Selective apoptosis of pluripotent mouse and human stem cells by novel ceramide analogues prevents teratoma formation and enriches for neural precursors in ES cellâ derived neural transplants
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AbstractThe formation of stem cellâ derived tumors (teratomas) is observed when engrafting undifferentiated embryonic stem (ES) cells, embryoid bodyâ derived cells (EBCs), or mammalian embryos and is a significant obstacle to stem cell therapy. We show that in tumors formed after engraftment of EBCs into mouse brain, expression of the pluripotency marker Oct-4 colocalized with that of prostate apoptosis response-4 (PAR-4), a protein mediating ceramide-induced apoptosis during neural differentiation of ES cells. We tested the ability of the novel ceramide analogue N-oleoyl serinol (S18) to eliminate mouse and human Oct-4(+)/PAR-4(+) cells and to increase the proportion of nestin(+) neuroprogenitors in EBC-derived cell cultures and grafts. S18-treated EBCs persisted in the hippocampal area and showed neuronal lineage differentiation as indicated by the expression of Î²-tubulin III. However, untreated cells formed numerous teratomas that contained derivatives of endoderm, mesoderm, and ectoderm. Our results show for the first time that ceramide-induced apoptosis eliminates residual, pluripotent EBCs, prevents teratoma formation, and enriches the EBCs for cells that undergo neural differentiation after transplantation.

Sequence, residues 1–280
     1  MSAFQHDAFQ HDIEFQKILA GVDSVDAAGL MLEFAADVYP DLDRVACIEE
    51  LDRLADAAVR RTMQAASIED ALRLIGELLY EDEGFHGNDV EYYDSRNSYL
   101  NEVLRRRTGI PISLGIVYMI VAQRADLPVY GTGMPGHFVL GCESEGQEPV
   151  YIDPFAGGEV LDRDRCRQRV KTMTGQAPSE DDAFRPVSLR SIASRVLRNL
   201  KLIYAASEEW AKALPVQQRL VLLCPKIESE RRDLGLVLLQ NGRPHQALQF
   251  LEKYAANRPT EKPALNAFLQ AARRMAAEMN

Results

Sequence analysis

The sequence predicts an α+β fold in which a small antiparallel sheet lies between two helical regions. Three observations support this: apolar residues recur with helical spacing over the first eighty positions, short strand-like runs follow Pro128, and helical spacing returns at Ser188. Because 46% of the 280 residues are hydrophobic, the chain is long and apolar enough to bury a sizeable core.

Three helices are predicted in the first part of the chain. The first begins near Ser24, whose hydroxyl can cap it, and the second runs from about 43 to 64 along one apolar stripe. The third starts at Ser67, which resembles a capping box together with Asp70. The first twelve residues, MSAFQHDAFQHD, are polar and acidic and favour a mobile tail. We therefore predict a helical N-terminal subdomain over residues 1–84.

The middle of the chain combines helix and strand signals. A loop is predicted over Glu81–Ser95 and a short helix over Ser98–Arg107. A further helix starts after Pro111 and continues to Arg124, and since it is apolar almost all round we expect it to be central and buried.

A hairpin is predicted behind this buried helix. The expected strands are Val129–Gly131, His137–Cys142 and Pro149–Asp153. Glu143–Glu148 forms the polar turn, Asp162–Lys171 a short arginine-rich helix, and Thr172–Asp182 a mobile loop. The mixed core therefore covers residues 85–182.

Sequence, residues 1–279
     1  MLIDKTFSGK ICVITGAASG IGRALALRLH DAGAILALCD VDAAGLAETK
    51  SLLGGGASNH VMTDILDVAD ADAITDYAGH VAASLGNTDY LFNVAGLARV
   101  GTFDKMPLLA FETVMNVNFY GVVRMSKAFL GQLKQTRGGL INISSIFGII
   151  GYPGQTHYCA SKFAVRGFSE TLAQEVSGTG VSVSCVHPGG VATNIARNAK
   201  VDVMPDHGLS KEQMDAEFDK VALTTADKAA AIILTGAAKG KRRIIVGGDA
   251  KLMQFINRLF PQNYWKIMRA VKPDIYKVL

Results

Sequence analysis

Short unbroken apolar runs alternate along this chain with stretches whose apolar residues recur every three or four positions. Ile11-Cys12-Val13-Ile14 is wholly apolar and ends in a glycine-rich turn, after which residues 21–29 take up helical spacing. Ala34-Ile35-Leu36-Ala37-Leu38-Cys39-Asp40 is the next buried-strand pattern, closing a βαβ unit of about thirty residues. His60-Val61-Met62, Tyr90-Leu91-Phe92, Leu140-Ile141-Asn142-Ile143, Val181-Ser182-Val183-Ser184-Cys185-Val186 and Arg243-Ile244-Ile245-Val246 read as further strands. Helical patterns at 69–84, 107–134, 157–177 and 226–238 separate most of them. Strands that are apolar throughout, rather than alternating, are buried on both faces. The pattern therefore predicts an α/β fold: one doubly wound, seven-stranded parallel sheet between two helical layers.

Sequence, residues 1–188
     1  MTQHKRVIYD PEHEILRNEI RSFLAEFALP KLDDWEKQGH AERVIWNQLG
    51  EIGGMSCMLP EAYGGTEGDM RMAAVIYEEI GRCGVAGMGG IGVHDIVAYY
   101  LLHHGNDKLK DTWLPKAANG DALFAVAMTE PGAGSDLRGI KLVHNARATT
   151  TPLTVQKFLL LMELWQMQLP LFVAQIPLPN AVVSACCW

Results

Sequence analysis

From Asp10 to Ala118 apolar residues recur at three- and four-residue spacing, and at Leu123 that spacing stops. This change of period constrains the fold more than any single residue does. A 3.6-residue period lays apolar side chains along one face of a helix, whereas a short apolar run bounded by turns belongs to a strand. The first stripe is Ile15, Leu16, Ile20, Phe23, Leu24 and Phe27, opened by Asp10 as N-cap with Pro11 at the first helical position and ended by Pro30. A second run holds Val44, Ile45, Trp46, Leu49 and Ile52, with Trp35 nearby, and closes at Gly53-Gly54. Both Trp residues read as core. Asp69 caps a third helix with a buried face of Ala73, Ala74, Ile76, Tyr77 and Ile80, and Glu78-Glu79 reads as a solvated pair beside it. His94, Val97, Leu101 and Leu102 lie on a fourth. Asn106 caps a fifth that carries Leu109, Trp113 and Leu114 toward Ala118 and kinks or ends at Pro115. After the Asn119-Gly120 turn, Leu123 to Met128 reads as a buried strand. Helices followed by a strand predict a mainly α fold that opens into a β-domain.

CitationJ Cell Biol. 2004 Nov 22; 167(4):723-734